6. Barry, I don’t think anyone is saying that companies don’t have the legal right to do this; the argument is in the practice and how it impacts the business and the economy. I don’t disagree at all the employers have the right to hire or fire anyone they want, as long as they aren’t being discriminatory (which, in some ways, one could probably make cases that this could be). My point is that companies can’t grandstand on why they need to outsource jobs, or shed jobs to make Wall Street happy, and then turn around and slam candidates for being unemployed or having gaps in employment. I completely understand that companies are in it to make money, but I have witnessed firsthand companies losing money due to stupid decisions made by management, and then employees suffering the consequences of those decisions while management marches on or takes the nice golden parachute and lands a nice board position somewhere. I’ve seen it happen too many times. I personally know really good people who have been impacted by all this and are now “active” candidates and are just as qualified as the coveted “passive” superstar.

  7. Hiring managers who do not interview candidates solely because the are unemployed will surely be going to the warmest parts of hell. (Paraphrasing Churchill with artistic license.)

  8. Hi John,

    Thank you for bringing this issue to the forefront, where it needs to be. Most people who know me, know I am a very private person (for good reason), and I struggled with writing the original group post. But, this subject affects me on a personal level and to that end, my closest recruiting friends have encouraged me to just put it out there.

    My husband has been searching for a full time job with benefits for over 3 years now – he began his career as a Firefighter and climbed through the ranks to be the North Regional Manager of Florida’s State Fire Marshal’s Office. There is not much he has not seen or done; he is a Subject Matter Expert in his field and certified instructor. As a government employee, he was not allowed to consult on the side, but his charisma and knowledge attracted many high level and well connected people seeking his opinion and knowledge. Back in 2004, I supported his decision to leave his very secure government position and become a full time consultant, which was lucrative the first 2 years, then became a feast or famine once the real estate market began to dry up.

    At this point, well into his 40’s and armed with a great work history and lots of good references, it was time for him to go back to work for someone else. We thought it would be a no brainer, after all he was very well connected throughout the state of Florida, but when he made those first few phone calls and sent out those first few resumes, we were shocked at the doors that were closed in his face. His status of being unemployed, his age, and his former salary history were a real turn off to, well – everyone. He managed to come in 2nd place at a few interviews, or at least that’s what he was told. He received a great job offer from the NY/NJ Port Authority to be the safety director on a new wing at Kennedy Airport (a whole other story,) but that was squashed by a hiring freeze brought on by a newly elected politician at the time.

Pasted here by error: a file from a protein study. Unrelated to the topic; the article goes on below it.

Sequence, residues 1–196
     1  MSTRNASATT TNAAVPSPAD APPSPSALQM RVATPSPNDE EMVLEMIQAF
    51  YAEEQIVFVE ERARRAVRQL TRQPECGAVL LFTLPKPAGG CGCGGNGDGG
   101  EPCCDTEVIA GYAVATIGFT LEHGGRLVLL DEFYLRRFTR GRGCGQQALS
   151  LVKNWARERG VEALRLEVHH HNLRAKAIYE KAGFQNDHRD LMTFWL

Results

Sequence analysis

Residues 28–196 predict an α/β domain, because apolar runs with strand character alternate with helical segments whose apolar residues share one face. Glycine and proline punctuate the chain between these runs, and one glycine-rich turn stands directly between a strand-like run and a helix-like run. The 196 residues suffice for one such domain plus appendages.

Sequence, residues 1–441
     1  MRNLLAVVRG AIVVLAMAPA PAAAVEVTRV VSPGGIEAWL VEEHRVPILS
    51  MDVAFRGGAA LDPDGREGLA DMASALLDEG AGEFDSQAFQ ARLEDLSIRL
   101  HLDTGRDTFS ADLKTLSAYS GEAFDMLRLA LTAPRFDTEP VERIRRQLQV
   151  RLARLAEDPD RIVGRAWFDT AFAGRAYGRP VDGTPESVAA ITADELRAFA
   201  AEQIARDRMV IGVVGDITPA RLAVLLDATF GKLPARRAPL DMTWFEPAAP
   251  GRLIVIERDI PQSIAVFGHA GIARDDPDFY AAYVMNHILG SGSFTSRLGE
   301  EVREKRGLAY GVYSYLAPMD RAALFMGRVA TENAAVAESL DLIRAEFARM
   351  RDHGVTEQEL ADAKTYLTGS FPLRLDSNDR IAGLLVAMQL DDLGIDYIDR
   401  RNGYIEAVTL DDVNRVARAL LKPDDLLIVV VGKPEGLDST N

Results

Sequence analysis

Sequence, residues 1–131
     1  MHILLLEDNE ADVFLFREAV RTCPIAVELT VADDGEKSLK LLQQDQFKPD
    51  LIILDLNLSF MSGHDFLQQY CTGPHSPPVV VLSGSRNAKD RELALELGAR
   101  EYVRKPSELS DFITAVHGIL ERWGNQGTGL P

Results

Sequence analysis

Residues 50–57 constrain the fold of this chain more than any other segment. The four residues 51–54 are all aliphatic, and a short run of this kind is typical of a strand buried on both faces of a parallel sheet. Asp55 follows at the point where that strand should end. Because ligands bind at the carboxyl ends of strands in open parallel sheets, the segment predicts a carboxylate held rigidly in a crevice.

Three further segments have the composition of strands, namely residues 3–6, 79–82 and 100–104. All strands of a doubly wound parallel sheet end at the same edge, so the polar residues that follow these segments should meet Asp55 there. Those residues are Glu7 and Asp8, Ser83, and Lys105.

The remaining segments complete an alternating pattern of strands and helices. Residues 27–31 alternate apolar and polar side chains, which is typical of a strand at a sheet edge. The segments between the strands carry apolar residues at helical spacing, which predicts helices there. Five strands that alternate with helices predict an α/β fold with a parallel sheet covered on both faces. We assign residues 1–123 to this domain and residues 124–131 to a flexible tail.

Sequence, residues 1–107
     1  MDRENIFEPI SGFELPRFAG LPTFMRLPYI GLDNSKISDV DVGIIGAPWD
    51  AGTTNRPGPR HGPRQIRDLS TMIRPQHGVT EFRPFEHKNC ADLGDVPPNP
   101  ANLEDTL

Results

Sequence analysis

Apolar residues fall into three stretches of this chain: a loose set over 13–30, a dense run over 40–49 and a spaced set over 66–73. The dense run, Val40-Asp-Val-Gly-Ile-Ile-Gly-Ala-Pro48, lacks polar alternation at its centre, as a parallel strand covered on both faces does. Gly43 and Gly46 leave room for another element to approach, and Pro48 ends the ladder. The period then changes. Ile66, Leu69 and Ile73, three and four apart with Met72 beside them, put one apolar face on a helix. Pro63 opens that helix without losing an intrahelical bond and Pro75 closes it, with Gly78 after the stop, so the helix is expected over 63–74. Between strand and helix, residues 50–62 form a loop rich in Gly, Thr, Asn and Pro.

This week, things turned around for him – long story short, he finally followed my advice when applying for a posted position and called the hiring manager directly – he got a job offer! Now a little older and wiser, he will be answering to a person he was responsible for promoting 10 years ago, he will answer to the fire marshal’s office he once managed, and he will answer to the fire department where he was once a rookie firefighter and where his co-rookie is now the chief. It’s a good thing my husband is so well adjusted in his personality, I don’t think too many folks would be willing to go down this road and accept a salary of 27% what it used to be.

    I stand on the side of “Let’s put America back to work!” There are several issues as to why my husband had a hard time of it. He doesn’t fit the profile of a barista. Although his knowledge is broad in his field, he is still tied to a certain industry. He has been “the hiring manager,” but no one is going to let him “crossover” and “retrain” in a new position when they can pull from another company – someone who’s already trained! Not to mention he’s also a victim of tunnel vision recruiters who fail to see the crossover skills on his resume, but that’s another story.

  9. Brenda’s description of her husband’s current situation answers many common questions about hiring overqualified older workers.

    Once a boss he will now be reporting to former peers and subordinates.

    Brenda says that he can only handle what some might see as an assault on their egos only because of he has a particularly health psychological disposition.